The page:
Published studies suggest that 40 to 60 percent of all blood transfusions may be unnecessary, excessive or avoidable. Blood transfusion is one of the most common medical procedures performed at Mercy Medical Center with approximately 9,000 transfusions administered annually. Growing evidence continues to associate transfusion with a higher incidence of infections, renal injury, pulmonary injury, myocardial infarction and mortality.
Mercy Medical Center is implementing a comprehensive Patient Blood Management (cPBM) Program. This program is reflective of a national patient safety initiative focused on evidence-based transfusion practice and proactive strategies designed to avoid transfusion risk (anemia management and minimize blood loss). Mercy has partnered with Accumen, a national leader in patient blood management to help the organization focus and accelerate current PBM efforts. Over the next couple of months, please take notice of significant changes to transfusion guidelines and transfusion ordering practices.
Important themes include:
- Transfusion is a transplant – Blood transfusions are a liquid “transplant” that can impact short and long-term patient outcomes. Unnecessary and avoidable transfusions cause measurable harm.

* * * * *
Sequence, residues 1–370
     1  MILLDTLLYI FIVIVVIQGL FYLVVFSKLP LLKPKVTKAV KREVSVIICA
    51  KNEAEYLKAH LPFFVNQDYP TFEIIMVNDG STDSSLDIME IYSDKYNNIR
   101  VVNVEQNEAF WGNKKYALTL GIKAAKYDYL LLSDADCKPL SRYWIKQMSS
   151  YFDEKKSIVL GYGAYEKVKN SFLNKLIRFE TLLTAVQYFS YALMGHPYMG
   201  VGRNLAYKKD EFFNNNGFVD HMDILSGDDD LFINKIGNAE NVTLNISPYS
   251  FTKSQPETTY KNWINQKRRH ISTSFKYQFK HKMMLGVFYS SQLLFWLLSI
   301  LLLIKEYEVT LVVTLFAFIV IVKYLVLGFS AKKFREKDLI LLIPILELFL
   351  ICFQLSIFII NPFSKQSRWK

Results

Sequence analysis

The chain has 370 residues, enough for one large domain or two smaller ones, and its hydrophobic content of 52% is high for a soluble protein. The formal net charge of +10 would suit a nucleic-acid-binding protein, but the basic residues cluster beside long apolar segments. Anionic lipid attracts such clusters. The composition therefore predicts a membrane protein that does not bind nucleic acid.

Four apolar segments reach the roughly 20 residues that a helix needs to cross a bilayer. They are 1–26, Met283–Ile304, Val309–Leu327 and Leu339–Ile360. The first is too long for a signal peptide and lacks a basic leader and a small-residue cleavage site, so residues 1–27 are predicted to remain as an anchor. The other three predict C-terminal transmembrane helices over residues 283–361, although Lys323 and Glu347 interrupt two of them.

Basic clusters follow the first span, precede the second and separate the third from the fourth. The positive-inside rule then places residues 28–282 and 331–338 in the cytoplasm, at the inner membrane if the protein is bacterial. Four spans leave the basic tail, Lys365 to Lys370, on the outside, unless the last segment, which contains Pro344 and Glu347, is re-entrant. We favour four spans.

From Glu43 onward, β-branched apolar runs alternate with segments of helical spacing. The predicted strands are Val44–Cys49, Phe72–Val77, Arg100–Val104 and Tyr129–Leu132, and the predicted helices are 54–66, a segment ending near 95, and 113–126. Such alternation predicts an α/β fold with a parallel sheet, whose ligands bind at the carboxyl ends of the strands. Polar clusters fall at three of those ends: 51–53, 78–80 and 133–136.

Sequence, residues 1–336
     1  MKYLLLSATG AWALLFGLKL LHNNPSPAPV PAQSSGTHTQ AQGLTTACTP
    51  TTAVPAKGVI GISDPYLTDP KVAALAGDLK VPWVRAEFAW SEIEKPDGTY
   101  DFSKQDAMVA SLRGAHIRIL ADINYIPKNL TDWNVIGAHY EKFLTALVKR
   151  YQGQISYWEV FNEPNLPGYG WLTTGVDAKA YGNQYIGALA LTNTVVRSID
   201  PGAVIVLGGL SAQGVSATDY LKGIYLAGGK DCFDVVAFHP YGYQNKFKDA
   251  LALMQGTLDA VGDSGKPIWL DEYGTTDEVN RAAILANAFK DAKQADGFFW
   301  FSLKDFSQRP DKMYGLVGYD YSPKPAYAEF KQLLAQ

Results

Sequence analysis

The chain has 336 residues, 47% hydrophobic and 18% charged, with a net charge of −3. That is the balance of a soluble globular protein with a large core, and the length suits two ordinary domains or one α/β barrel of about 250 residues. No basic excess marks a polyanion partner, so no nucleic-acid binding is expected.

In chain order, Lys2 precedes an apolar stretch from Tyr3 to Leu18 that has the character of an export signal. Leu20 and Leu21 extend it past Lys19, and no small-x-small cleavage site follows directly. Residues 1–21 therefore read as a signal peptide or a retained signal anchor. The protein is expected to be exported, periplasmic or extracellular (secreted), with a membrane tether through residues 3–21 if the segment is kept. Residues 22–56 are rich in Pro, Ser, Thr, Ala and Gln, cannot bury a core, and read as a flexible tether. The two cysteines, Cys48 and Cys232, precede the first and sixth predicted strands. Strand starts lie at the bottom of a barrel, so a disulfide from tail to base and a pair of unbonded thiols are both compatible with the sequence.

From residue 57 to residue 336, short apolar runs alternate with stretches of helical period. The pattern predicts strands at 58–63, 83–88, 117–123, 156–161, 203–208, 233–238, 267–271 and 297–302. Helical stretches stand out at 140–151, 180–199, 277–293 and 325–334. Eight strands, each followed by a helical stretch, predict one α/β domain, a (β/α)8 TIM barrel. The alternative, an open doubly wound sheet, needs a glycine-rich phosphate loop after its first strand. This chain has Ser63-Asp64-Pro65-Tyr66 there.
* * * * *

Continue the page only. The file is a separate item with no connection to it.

- LESS is more for transfusions – Evidence for transfusion therapy indicates that a more restrictive threshold for RBC transfusion (Hbg <7 g/dl) not only saves blood but also saves lives.
- Why give two when one will do! – In the absence of acute hemorrhage, RBC transfusions should be ordered as single units followed by a reassessment prior to any additional transfusions.
- Modified CPOE transfusion ordersets – The Meditech transfusion ordersets have been updated to reflect best practice to optimize transfusion indication selection and dosing.
- Updated 2018 MMC Transfusion Guidelines – The 2015 guidelines received a significant overhaul and reflect the best available evidence. Read the 2018 guidelines here. Updated guidelines are also posted on MercyNet.
If you would like more information about Mercy Patient Blood Management Program, please contact Katherine Simmons, R.N., program coordinator or Kirby Sweitzer, M.D., medical director.
1 Transfus Med Rev. 2011 Jul;25(3):232-246